Sunday, May 5, 2024

Moscow’s ‘Chaotic’ Response to Migration Crisis Fragmenting Russian Political System, Rodin Says

Paul Goble

            Staunton, May 3 – Moscow has been “pursuing a chaotic migration policy,” seeking on the one hand to reassure Russians that it will take a harder line on regulating immigration and on the other to reassure businesses that it will continue to allow enough migrants to come into the country to overcome demographic decline, Ivan Rodin says.

            But the result of this approach, the political editor of Nezavisimaya Gazeta says, is a fragmentation of the political system, with regions increasingly going their own way and even the systemic parties taking different positions, a development with real risks for both foreign and domestic policies (

            More than 30 of the country’s federal subjects have adopted restrictions of various kinds on immigration, and pressure to do so is such, Rodin says, that the number will soon be greater than half of Russia’s more than 80 republics, krays and oblasts. And the systemic parties, not to speak of nationalists, are also splitting on this issue.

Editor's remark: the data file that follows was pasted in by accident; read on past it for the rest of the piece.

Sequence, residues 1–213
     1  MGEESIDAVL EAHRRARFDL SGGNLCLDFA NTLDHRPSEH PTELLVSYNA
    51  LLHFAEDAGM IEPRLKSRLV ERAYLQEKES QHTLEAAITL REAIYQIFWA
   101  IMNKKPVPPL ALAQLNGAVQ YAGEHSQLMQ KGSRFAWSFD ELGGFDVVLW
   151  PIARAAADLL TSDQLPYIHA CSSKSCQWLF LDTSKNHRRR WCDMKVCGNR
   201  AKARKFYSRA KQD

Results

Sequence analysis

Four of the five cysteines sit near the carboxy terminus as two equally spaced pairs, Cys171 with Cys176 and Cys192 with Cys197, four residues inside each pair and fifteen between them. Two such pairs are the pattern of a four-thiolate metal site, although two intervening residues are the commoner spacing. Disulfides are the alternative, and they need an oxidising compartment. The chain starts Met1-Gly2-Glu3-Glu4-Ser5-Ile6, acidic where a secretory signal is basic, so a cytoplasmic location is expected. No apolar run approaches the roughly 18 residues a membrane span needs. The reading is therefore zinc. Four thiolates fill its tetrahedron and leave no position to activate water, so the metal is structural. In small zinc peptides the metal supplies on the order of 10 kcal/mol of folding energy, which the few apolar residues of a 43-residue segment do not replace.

Domestically, that means that the Kremlin is less in control of the situation than it would like; and various components of the system are feeling increasingly empowered to go their own way, developments that call into question Putin’s much-ballyhooed “power vertical” and that could spread to other issues as well.

            And in terms of foreign policy, what Moscow’s various political centers do with regard to immigration from various Central Asian countries is already having an impact on governments there, with many of them ready to protest vigorously about what Russia is doing and likely to conclude that they can no longer count on Moscow to maintain the order of the past.

            If Moscow further mistreats migrants and leads ever more of them to return home, that could certainly destabilize some of the countries in Central Asia. But that will have not only foreign policy consequences for Russia but domestic ones as well as some regions try to work out their own deals and others suffer the consequences of intensified worker shortages.

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